1950-1961: We bury our heads in the sand.  The 1950s are, of course, the idyllic time for many people who are growing older (baby boomers) today, because those were the days in which they grew up, and most people think the age in which they grew up was the best time ever.  Hell, I think the 1980s were the greatest time ever.  Because of the overwhelming number of baby boomers, however, the 1950s take on even a greater patina of American innocence, despite many problems with the age.  You could argue that this was still a patriotic time, and I wouldn’t argue with you, but the reason I would differentiate this from the immediate post-war era is because of the Korean War.  McCarthyism had already begun to take shape in the late 1940s, and by the time Senator Joe got around to it, he just gave it a name.  But the fear of Communists that was there in the late 1940s took a form in the 1950s with the aggressive expansion of the Soviet Union, the Korean conflict, and the crushing of the Hungarian rebellion in 1956.  All of these events, combined with an uneasy feeling about the bomb, gave the 1950s a more paranoid edge than the 1940s.  We still wanted superheroes, but we were beginning to distrust the “other” more and more, so we wanted our superheroes to be completely divorced from reality.  This is, of course, the Silver Age, and this is, I think, what many people are talking about when they lament the loss of heroism in comic books.  Again, I could be wrong, but it seems like most of the bitching about Superman and his ilk always includes a rant about how “that wouldn’t have happened in the Silver Age!”  I picture these comic book fans sitting on their porches trying to keep their false teeth in while hitting whippersnappers with their canes.  Comics simply reflected the prevailing culture, which wanted to turn away from the carnage of World War II, the fear of the bomb, and the ambiguity of the Korean War (the first war since the War of 1812 that we didn’t “win”).  Television reflected this, movies reflected this, and music reflected this.  We may fondly remember it, but if you look at much of 1950s popular culture with a critical and not a rose-colored eye, it’s not that good.  I Love Lucy?  Please.  It’s crap.  Complete escapist entertainment – not that there’s anything wrong with that, but it’s not something that stands any test of time.  The comics are the same way.  If you read those comics today (I haven’t read many of them, to be honest, but I’ve read a few), the thing that strikes you is how immature they are.  Again, you can argue that they were written for children, but the people today who long for a return to the Silver Age are not children and do not want comics for children today.  There’s nothing terribly wrong with Silver Age comics, but they reflect the fears of that society.  Therefore, heroes fought aliens, because we were convinced that things from another world (including “things from other worlds” on our own planet – meaning Commies) were trying to destroy our American way of life.  The 1950s were a weirdly insular time, despite America’s new role on the world stage.  It was as if the United States was accepting its global role but its people could not quite do that yet.  The superheroes of the 1950s are quite possibly the most irrelevant versions of the archetype ever.  Yet the clamor is for their kind to return.  Why?  I’ll get to that.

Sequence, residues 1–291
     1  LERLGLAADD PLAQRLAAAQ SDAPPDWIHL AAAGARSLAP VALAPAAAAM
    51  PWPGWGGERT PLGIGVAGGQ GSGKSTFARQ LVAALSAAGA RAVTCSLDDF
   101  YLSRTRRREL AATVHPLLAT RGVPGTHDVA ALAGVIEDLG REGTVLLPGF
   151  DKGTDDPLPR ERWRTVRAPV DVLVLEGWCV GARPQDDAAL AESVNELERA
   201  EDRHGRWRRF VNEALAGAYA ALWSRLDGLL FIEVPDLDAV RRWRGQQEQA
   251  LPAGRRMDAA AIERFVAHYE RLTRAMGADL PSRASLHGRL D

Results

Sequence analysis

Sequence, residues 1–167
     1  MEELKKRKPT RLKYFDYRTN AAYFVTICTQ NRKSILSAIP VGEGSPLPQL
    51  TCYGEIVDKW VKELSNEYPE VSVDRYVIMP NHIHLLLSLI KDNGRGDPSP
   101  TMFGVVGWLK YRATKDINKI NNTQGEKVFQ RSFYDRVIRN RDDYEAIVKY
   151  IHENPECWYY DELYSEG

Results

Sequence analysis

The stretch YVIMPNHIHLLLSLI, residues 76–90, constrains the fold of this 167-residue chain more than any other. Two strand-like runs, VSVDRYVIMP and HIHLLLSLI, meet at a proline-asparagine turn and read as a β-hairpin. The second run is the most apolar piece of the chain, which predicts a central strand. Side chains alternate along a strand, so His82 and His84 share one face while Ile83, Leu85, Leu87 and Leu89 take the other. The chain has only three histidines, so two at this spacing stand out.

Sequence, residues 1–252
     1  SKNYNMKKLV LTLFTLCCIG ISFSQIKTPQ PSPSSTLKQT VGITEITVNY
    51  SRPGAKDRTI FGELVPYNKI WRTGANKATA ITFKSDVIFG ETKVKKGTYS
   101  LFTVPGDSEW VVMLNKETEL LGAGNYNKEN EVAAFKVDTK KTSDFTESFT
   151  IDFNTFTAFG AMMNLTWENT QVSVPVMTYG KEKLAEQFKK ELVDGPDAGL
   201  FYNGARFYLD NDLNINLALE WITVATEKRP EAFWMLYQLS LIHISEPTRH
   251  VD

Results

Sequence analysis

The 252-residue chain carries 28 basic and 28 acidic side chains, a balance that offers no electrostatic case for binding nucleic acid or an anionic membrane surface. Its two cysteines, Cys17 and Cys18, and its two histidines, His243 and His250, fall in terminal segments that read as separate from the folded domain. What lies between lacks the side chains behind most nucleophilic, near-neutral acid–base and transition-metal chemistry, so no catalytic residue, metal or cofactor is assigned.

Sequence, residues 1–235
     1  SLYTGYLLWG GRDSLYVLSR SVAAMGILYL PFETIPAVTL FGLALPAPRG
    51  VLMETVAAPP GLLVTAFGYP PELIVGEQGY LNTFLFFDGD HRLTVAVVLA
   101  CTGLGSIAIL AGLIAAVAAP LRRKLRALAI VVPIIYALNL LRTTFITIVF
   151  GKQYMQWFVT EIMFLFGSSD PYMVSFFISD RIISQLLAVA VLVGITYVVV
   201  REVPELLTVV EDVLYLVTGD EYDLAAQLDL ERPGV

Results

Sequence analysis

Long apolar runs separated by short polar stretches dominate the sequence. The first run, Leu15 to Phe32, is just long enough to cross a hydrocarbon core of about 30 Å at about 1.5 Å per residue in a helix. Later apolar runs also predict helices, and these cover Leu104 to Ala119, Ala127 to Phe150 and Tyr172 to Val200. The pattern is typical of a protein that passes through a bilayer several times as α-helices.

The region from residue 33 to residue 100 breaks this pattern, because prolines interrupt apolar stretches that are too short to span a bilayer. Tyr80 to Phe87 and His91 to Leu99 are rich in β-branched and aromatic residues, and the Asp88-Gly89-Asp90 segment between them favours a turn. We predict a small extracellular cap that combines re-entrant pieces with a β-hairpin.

1961-1969: Atomic energy and space flight!  Then Marvel decided to change everything.  Fantastic Four #1 reflects the two new fears and/or obsessions in America – the growing threat of nuclear annihilation, not only from an external enemy but from an accident on our own soil, and Kennedy’s desire to go to the moon.  The comics also reflected the perception of Camelot – a brightness that was undeserved, perhaps, but we’re talking about perception here, not reality.  Marvel’s early comics are steeped in radiation – both its wonders and its horrors.  Sure, Peter Parker gets radiation sickness, but the symptoms of that sickness are pretty freakin’ cool, even if he doesn’t think so.  Straight “superheroes” had become increasingly irrelevant - the DC stories we remember from the 1960s weren’t the straight superhero ones, they are the ones like Drake’s Doom Patrol.  Marvel and DC are perfect examples of how the culture was changing.  Despite using creators from the 1940s (Lee and Kirby), Marvel was, like a great deal of the culture, obsessed with the future, and their stories reflected this.  Even after Kennedy’s assassination and the increasing troop presence in Vietnam, Americans in the 1960s looked confidently toward the future, something they had done every since World War II, but now they had gotten over their fears about it to a certain degree.  The science fiction aspects of the 1960s no longer show a lot of anxiety about alien races and the future, but more hope.  Marvel’s comics reflected that, as well as the break with tradition that new rock bands represented.  If Marvel was the Beatles, DC was Pat Boone.  During the 1960s a great deal of people still feared the “other” and resisted change, and DC, for much of the decade, showed this.  Again, they were behind the curve, but so was a great deal of the country.  As the decade moved forward, though, even the old guard had to come to terms with the fact that we were now in space, we were hopelessly lost in Vietnam, and those damned kids weren’t shutting up when they were told to!  What to do????